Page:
The deal everyone is scrambling for is up at Good job on their part. Here's the parts where we've shot ourselves in the collective foot again.

B. Status of Other Nominees. Signatories make no commitment to vote for or against cloture on the following judicial nominees: William Myers (9th Circuit) and Henry Saad (6th Circuit).

Two judges, who've enjoyed majority support previously in Committee, and have been stalled on the floor, do not get Constitutionally required votes of advice and consent. They get thrown under the bus, all in the name of the Senate moderates being able to eat lunch together without throwing food.
A. Future Nominations. Signatories will exercise their responsibilities under the Advice and Consent Clause of the United States Constitution in good faith. Nominees should only be filibustered under extraordinary circumstances, and each signatory must use his or her own discretion and judgment in determining whether such circumstances exist.

So it's up to those sane members like Ted Kennedy, Robert Byrd, Chuckie Schumer, & Barbara Boxer to exercise discernment and judgment. The Democrats have not exercised good faith up to now, and the Republicans are agreeing to let Lucy put that football down and hold it one more time.
Here's where we really lost, however. Republicans signed their name to an agreement that says nominees should only be filibustered under extraordinary circumstances. That means there are at least 6, and maybe as many at 8 Republicans who either don't have a clue in the world what the Constitution means, or they don't care, because they have to try to work with these people on a daily basis. What these Republicans have done is condone the unconstitutional practice that the Democrats have done. They haven't just cowered away from a fight. They haven't just screwed over two judges for now. They've condoned and ratified a move, with only a 14 member vote. Usually, to amend the Constitution, to put in something that isn't there, you have to have a supermajority vote and have 3/5ths' of the states ratify it. What has happened now is 14 out of 100, or a 14% vote, get to alter the Constitution, and now there is a 60% requirement to approve judges, as long as the Democrats try to pretend to be cooperative in the process.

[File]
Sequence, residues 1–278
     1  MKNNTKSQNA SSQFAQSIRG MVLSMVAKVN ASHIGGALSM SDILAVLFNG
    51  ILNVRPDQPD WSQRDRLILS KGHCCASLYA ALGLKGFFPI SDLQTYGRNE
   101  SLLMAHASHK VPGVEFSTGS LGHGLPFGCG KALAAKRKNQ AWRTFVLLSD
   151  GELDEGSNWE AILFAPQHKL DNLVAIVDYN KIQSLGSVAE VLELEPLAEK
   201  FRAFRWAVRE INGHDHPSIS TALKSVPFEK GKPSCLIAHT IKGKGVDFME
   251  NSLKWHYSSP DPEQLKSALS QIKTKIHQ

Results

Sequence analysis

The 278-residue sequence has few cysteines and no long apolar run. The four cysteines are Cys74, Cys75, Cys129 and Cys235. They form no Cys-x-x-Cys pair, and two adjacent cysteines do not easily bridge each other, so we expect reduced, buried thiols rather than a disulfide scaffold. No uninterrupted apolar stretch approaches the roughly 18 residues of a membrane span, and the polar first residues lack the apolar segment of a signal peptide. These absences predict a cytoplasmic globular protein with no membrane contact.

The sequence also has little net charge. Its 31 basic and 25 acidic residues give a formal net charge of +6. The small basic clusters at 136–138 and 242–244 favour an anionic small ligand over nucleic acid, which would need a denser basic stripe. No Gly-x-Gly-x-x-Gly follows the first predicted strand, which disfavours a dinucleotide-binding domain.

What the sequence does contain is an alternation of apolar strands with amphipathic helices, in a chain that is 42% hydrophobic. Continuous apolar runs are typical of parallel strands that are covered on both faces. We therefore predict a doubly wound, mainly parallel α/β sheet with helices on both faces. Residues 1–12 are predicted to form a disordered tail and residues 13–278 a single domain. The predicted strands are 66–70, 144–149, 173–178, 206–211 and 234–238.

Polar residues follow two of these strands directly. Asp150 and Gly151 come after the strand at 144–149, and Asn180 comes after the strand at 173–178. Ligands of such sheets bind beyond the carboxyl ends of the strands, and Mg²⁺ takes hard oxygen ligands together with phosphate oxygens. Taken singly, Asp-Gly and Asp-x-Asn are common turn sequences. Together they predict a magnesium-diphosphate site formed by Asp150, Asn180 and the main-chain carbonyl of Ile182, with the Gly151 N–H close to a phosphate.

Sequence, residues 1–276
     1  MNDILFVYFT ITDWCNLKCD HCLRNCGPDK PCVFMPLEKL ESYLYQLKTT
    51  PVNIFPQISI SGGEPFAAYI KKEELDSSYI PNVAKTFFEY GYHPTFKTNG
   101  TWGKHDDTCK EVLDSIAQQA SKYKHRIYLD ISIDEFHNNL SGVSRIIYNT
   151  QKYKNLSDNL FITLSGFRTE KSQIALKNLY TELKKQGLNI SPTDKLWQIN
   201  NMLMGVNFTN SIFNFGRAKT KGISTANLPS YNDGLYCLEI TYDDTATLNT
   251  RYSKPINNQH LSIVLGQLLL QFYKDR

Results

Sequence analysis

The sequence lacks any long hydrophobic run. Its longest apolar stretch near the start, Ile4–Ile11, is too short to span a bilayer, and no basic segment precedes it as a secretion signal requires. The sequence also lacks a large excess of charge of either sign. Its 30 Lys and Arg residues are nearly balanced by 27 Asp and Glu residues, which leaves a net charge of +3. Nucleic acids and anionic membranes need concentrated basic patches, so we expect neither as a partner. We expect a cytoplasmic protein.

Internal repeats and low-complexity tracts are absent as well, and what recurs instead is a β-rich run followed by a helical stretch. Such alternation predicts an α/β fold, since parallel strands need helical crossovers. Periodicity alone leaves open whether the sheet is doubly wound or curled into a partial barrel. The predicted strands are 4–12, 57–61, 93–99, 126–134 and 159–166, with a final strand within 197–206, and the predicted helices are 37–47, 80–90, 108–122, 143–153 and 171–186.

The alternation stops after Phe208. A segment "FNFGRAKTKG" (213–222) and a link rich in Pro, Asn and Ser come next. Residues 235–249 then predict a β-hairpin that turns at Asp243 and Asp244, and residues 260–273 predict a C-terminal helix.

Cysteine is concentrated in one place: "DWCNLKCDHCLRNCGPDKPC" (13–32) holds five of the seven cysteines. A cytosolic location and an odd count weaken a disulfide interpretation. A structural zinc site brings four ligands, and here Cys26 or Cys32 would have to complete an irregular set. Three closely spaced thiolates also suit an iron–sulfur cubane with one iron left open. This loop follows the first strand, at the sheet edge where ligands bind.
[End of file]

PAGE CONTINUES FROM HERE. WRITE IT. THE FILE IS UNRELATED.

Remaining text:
14% - the new supermajority in the United States Senate. It's now up to 14% to determine which people require 60%.

It stinks.

Thank God the tiki bar is open.

What a bunch of prima donnas: Byrd, McCain, the lot of them. And what exactly did Lindsey Graham think he was doing? Is this what the fine State of South Carolina elected him to do? I am disgusted. It makes me wonder where that money I gave to the RNC is going. Because these guys have put themselves above the Constitution. And McCain thinks he has a hope in hell of winning the Republican nomination, he is in for a rude awakening.

Zell, where are you?

UPDATE: Fellow Texan Beldar hits the nail on the head:

Sometimes you look at the results of a negotiation — supposedly made by bright, well-informed and -motivated adults on both sides — and you shake your head and point to one side the the deal and say: "Them suckers just got robbed blind."

This is grand larceny masquerading as a "deal." Only a complete idiot would think that this —

Signatories will exercise their responsibilities under the Advice and Consent Clause of the United States Constitution in good faith. Nominees should only be filibustered under extraordinary circumstances, and each signatory must use his or her own discretion and judgment in determining whether such circumstances exist.

— is a fair trade for this —

In light of the spirit and continuing commitments made in this agreement, we commit to oppose the rules changes in the 109th Congress, which we understand to be any amendment to or interpretation of the Rules of the Senate that would force a vote on a judicial nomination by means other than unanimous consent or Rule XXII.